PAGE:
Robotics

Teaching robots what humans want

Told to optimize for speed while racing down a track in a computer game, a car pushes the pedal to the metal … and proceeds to spin in a tight little circle. Nothing in the instructions told the car to drive straight, and ...

Engineering

Reinforcement learning expedites 'tuning' of robotic prosthetics

Researchers from North Carolina State University, the University of North Carolina and Arizona State University have developed an intelligent system for "tuning" powered prosthetic knees, allowing patients to walk comfortably ...

Computer Sciences

Research identifies key weakness in modern computer vision systems

Computer vision algorithms have come a long way in the past decade. They've been shown to be as good or better than people at tasks like categorizing dog or cat breeds, and they have the remarkable ability to identify specific ...

Hi Tech & Innovation

Team develops smartwatch with all the moves

In an effort to make digital smartwatches more convenient for their users, researchers at Dartmouth College and the University of Waterloo have produced a prototype watch face that moves in five different directions.

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Computer

A computer is a machine that manipulates data according to a set of instructions.

Although mechanical examples of computers have existed through much of recorded human history, the first electronic computers were developed in the mid-20th century (1940–1945). These were the size of a large room, consuming as much power as several hundred modern personal computers (PCs). Modern computers based on integrated circuits are millions to billions of times more capable than the early machines, and occupy a fraction of the space. Simple computers are small enough to fit into a wristwatch, and can be powered by a watch battery. Personal computers in their various forms are icons of the Information Age and are what most people think of as "computers". The embedded computers found in many devices from MP3 players to fighter aircraft and from toys to industrial robots are however the most numerous.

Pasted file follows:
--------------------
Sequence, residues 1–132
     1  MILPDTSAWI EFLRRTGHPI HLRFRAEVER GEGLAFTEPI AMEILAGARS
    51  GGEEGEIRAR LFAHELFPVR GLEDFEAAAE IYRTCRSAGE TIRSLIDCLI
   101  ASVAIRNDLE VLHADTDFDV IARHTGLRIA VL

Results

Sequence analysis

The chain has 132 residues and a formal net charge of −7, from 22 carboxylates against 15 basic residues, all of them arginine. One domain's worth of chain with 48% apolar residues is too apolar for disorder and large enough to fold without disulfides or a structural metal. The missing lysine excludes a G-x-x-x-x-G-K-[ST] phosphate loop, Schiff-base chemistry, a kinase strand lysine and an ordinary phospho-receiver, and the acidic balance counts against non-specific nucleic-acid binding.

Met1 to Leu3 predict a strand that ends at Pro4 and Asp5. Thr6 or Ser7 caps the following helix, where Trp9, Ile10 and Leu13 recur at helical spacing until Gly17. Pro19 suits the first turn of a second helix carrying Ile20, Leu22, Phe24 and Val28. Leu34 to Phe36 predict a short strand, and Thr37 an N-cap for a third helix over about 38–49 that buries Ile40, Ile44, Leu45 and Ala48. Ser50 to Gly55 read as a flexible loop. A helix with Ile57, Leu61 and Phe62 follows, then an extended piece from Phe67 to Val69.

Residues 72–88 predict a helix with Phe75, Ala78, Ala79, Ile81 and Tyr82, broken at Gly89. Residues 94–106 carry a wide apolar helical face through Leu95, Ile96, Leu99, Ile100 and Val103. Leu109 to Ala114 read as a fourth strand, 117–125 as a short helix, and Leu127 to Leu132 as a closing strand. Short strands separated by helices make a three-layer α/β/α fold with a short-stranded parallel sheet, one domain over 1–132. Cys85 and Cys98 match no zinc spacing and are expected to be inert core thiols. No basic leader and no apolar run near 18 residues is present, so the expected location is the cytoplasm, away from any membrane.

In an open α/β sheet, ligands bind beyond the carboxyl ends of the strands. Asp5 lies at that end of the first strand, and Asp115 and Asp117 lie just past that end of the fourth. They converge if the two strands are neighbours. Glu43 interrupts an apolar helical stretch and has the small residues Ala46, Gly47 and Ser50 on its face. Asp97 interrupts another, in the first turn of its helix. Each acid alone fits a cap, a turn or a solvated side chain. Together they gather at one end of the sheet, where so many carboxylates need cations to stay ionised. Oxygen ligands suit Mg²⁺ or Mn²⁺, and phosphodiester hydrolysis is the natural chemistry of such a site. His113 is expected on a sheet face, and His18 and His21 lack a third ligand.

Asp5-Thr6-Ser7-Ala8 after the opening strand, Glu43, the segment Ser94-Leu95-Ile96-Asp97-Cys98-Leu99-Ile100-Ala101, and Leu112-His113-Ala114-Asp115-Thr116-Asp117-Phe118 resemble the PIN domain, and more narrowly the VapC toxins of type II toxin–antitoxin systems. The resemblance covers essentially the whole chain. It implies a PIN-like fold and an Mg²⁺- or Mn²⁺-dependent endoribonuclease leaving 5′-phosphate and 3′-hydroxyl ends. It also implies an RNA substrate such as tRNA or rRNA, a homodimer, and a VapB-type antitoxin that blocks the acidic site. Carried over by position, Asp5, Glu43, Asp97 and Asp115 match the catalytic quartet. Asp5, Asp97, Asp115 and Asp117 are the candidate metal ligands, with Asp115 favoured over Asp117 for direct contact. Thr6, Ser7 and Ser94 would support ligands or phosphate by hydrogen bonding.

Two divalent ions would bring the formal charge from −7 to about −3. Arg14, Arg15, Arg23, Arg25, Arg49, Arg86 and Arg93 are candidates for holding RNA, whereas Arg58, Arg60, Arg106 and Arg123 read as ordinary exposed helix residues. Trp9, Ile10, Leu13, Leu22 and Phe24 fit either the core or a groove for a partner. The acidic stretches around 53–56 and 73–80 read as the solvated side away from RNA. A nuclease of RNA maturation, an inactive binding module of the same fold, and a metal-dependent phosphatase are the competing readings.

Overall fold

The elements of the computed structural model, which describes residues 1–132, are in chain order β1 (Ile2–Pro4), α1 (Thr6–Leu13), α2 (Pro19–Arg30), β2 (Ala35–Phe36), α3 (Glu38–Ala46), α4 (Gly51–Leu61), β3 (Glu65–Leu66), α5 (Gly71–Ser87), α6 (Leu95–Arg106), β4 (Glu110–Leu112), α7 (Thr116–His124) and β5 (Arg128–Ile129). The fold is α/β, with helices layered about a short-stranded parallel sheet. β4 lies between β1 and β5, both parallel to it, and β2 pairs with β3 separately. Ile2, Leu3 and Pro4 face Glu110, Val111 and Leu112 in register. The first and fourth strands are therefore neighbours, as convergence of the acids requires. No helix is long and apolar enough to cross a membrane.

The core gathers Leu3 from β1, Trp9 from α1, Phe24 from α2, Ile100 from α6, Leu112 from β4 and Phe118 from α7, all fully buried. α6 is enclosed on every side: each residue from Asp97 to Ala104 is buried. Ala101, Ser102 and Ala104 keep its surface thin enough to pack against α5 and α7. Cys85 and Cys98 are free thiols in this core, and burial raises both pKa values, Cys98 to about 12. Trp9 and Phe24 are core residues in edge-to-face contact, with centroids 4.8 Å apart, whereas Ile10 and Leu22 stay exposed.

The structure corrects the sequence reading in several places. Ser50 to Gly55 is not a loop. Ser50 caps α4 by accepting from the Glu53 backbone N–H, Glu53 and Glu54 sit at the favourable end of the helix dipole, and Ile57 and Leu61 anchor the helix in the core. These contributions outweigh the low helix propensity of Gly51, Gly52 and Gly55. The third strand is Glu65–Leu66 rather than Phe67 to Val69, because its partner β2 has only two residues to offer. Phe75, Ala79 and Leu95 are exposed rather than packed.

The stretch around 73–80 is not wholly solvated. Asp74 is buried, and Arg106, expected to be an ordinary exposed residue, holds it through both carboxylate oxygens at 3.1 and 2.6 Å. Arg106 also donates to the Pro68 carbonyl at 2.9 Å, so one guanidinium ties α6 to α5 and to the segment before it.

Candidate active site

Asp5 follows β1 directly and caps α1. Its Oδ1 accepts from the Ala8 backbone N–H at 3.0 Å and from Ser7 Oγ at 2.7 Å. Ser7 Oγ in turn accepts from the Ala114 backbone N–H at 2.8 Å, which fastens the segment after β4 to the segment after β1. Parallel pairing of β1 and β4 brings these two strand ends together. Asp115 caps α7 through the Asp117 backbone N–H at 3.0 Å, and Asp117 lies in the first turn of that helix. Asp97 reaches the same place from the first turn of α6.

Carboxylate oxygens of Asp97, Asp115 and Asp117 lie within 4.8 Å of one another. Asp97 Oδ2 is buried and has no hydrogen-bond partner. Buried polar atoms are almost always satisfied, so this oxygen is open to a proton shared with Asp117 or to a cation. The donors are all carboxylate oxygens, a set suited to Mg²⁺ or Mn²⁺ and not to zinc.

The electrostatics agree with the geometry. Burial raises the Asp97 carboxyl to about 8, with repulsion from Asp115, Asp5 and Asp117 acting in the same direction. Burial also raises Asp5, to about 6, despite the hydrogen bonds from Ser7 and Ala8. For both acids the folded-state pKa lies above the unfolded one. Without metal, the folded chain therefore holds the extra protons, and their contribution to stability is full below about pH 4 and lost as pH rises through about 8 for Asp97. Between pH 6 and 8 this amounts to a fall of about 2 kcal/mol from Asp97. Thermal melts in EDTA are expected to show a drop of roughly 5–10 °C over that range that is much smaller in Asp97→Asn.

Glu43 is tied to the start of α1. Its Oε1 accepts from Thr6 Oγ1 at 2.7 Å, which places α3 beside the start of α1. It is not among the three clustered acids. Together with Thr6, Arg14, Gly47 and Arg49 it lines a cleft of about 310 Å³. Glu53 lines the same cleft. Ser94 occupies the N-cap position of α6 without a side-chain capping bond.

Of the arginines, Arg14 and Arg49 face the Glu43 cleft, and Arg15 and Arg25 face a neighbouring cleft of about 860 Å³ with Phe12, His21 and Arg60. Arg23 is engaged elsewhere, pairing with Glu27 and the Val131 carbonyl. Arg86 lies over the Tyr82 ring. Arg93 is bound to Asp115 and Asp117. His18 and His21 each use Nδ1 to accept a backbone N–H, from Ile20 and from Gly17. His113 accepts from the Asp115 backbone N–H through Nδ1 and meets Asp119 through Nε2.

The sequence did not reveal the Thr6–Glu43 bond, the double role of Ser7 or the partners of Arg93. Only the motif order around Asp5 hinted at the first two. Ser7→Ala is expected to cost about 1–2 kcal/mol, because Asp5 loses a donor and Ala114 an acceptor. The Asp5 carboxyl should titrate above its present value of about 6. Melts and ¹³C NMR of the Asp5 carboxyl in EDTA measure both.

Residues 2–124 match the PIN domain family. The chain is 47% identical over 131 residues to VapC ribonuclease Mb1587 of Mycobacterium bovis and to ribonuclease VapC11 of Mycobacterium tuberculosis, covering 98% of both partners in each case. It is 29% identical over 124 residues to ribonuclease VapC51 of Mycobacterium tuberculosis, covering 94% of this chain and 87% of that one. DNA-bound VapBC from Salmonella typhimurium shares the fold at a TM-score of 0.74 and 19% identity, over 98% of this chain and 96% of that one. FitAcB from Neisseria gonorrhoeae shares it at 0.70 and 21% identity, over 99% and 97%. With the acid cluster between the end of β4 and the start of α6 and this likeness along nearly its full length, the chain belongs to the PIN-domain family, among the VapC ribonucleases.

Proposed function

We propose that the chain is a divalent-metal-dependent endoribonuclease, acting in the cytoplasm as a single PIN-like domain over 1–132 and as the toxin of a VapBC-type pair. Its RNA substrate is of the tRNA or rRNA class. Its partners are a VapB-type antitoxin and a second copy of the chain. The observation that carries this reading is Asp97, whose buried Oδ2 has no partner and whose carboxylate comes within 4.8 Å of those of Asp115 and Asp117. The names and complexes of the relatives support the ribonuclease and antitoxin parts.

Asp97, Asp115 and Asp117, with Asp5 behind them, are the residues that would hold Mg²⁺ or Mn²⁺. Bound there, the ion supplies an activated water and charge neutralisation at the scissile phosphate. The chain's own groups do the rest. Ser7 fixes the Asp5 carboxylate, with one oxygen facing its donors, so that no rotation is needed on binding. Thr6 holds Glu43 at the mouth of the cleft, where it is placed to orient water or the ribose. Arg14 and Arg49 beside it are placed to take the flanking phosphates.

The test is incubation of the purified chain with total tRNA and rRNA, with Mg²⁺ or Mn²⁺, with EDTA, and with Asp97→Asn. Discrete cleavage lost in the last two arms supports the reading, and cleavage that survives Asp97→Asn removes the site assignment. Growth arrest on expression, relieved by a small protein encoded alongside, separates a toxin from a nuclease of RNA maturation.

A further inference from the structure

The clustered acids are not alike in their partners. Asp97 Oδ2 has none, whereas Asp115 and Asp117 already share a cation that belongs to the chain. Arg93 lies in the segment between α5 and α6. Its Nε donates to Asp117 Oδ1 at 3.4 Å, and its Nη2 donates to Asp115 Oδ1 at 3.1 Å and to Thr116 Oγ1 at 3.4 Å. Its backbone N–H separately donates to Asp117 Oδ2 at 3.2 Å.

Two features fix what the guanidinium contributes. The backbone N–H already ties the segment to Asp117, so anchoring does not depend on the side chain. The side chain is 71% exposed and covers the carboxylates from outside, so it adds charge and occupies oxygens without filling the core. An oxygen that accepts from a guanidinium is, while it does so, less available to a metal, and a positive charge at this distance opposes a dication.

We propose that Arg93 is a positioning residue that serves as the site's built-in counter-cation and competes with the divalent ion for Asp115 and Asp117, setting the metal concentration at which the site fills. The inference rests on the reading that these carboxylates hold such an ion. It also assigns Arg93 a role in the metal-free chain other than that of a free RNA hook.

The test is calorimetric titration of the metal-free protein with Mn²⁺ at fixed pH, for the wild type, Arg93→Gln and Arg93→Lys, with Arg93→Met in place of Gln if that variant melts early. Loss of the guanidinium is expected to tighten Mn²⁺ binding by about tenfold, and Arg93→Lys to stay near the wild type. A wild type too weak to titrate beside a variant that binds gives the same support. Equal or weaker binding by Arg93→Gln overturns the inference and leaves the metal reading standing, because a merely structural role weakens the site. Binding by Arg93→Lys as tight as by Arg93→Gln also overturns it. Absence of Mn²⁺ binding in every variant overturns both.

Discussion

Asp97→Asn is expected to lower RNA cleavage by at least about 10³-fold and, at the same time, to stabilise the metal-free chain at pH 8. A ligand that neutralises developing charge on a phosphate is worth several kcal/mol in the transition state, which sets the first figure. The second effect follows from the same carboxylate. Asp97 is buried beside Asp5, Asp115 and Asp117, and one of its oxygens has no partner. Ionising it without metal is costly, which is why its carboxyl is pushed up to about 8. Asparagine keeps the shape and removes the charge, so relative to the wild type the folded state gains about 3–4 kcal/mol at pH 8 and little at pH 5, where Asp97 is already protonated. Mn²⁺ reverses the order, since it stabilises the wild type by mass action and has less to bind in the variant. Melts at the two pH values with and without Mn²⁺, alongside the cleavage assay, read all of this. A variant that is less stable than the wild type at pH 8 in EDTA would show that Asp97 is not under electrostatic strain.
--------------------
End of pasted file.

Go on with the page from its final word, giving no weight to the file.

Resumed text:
The ability to store and execute lists of instructions called programs makes computers extremely versatile, distinguishing them from calculators. The Church–Turing thesis is a mathematical statement of this versatility: any computer with a certain minimum capability is, in principle, capable of performing the same tasks that any other computer can perform. Therefore computers ranging from a mobile phone to a supercomputer are all able to perform the same computational tasks, given enough time and storage capacity.

This text uses material from Wikipedia, licensed under CC BY-SA